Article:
Nonstop Flights to China Possible; U.S. Pact to Add Service Could Benefit Denver

A new agreement between the United States and China could help pave the way for nonstop flights from Denver to the rapidly growing Asian country.

The agreement, announced Wednesday, doubles the number of flights between the countries over the next five years, creating new opportunities for large cities across the U.S.

Denver's efforts to lure nonstop service to Asia are focused primarily on Tokyo. But local officials say they'll increasingly set their sights on China - possibly Shanghai - as well.

"We've started to talk about this and to have some conversations with airlines," said Tom Clark, executive vice president of the Metro Denver Economic Development Corp. "We're actually rethinking our strategy. This might make China easier to get into than Japan for a nonstop flight."

Under the accord, U.S. airlines will be able to operate a total of 23 round-trip flights a day to China by 2012, up from the current cap of 10. Chinese carriers can offer the same number of flights to the United States.

China, which has the world's fastest-growing major economy, is becoming a hot spot for U.S. businesses and travelers.

Colorado's ties with the country are growing as well. China is now the state's third-largest export market. Last year, exports to China hit $584 million, a 14-fold increase from 1996, according to the World Trade Center Denver.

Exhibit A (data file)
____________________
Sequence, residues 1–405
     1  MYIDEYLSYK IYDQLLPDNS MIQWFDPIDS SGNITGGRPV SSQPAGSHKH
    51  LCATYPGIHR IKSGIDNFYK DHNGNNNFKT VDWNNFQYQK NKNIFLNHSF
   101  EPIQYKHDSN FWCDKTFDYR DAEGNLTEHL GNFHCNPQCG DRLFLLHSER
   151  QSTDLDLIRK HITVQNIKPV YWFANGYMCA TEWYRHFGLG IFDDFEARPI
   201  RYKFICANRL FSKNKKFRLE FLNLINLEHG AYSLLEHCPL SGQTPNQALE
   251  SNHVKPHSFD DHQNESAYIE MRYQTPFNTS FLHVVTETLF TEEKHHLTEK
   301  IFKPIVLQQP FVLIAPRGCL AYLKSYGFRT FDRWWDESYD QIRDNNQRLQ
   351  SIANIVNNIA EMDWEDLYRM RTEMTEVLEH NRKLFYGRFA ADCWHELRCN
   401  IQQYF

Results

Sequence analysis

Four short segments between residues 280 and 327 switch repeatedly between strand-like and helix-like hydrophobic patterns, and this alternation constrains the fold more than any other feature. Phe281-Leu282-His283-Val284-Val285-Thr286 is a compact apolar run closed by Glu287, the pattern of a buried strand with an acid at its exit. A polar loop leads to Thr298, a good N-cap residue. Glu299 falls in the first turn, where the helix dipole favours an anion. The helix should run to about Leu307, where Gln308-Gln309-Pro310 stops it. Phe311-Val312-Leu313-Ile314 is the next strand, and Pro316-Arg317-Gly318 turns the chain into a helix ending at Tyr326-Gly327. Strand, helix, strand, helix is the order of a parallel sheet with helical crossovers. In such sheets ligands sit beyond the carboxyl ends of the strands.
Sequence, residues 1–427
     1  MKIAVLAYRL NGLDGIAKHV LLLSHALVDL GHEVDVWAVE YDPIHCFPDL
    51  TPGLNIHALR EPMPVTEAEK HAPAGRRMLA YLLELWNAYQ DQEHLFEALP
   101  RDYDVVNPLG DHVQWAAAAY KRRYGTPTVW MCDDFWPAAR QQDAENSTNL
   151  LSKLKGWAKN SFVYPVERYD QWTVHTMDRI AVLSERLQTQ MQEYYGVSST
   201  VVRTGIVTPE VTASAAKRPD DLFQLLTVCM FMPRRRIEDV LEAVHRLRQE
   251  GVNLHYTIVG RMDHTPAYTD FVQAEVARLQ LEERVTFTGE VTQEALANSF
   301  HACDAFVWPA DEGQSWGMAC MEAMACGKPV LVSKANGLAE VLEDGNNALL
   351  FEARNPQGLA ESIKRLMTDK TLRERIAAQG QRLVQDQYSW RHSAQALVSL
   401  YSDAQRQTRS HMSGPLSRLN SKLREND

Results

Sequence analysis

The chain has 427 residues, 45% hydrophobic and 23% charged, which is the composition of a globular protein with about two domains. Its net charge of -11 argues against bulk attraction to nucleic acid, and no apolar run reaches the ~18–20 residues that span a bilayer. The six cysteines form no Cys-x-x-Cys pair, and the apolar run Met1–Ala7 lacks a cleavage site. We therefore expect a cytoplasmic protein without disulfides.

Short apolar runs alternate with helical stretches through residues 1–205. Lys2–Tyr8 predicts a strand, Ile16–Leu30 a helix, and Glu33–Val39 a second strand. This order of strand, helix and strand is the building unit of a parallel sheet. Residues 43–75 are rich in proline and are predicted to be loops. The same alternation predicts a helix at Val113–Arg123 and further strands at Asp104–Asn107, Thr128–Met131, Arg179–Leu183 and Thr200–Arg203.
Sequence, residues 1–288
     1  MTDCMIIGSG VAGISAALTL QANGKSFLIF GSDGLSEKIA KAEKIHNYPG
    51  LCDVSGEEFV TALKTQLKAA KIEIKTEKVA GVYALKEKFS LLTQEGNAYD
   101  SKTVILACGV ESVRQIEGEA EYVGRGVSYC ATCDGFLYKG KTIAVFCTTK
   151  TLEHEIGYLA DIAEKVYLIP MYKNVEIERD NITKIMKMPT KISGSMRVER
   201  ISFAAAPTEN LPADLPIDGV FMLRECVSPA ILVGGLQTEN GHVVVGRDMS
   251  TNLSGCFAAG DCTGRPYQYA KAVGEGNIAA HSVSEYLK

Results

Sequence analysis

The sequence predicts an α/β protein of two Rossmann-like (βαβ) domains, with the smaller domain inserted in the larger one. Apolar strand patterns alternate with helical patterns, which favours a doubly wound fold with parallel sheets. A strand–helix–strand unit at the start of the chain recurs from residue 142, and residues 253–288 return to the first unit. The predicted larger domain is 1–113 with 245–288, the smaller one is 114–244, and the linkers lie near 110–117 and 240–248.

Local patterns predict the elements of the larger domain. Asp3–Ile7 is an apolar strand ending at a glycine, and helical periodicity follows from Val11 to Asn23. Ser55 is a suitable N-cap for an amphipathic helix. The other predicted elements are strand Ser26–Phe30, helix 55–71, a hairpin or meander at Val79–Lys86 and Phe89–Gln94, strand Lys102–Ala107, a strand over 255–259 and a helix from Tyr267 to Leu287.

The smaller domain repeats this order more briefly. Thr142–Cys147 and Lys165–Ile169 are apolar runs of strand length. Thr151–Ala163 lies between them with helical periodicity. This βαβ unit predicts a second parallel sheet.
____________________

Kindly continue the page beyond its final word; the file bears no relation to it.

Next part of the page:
"The business ties between Colorado and China are growing on a daily basis," said Jim Reis, head of Denver's WTC. "We have a lot of companies doing business there and a lot eager to do business there."

ProLogis, for instance, is making a big push into China and now employs 200 workers there. The world's largest industrial developer has announced projects in 18 Chinese markets - representing $1.9 billion in development potential. ProLogis executives make frequent trips to China.

A nonstop flight "would obviously be very attractive for us," said Arthur Hodges, a ProLogis spokesman. "Generally, if you're flying to China, you're either going through Chicago or San Francisco or Los Angeles, which can add two or three hours to the flight. That's a significant amount of time."

Airport officials said Air China is the best candidate to add nonstop flights from Denver because the carrier is set to become a member of the Star Alliance group of airlines. Alliance partners share frequent-flier benefits and can offer passengers connections on one another's flights. That will allow Air China to offer connecting flights in the U.S. on United Airlines, which has its second-largest hub in Denver. United also has expressed strong interest in starting a flight from Denver to Japan and might consider China as well.

"This agreement moves the possibility (of China service) way up," said Sally Covington, DIA's deputy manager of aviation, public relations and marketing.

Additionally, Denver could benefit from a piece of Wednesday's agreement that gives U.S. air cargo companies nearly unlimited access to China. Developers here are planning an "inland port" east of Denver International Airport that would serve as a shipping and receiving hub incorporating rail, air and road systems.

Don't expect nonstop flights to China anytime soon, though. Officials say it's likely to be at least two to four years before Denver lands Asia service.

And tough U.S. visa requirements for visitors from China limit the opportunities.

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